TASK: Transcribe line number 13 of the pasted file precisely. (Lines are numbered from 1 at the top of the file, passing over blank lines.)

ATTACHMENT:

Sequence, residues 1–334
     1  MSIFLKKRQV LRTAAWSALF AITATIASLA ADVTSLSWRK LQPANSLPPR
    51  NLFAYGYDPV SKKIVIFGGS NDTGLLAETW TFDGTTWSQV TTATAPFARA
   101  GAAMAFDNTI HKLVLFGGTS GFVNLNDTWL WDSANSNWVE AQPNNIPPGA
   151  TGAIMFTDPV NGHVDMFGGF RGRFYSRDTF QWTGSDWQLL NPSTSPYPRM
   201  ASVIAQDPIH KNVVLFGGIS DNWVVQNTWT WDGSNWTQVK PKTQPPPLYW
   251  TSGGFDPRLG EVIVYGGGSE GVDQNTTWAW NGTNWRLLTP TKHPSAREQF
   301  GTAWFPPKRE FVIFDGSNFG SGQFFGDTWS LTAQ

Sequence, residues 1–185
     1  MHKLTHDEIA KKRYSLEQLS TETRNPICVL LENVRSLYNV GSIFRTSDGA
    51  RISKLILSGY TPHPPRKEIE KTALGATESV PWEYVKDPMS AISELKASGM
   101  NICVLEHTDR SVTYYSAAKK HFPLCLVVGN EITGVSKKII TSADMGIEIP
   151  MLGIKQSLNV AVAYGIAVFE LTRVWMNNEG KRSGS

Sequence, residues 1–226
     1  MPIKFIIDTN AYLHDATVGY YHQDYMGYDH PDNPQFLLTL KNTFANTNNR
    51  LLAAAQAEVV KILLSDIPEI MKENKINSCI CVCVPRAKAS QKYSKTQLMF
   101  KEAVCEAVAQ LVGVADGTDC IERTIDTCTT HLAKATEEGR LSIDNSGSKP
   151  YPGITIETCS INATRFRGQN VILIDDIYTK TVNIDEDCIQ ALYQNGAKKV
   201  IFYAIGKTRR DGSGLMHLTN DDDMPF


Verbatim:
   151  MLGIKQSLNV AVAYGIAVFE LTRVWMNNEG KRSGS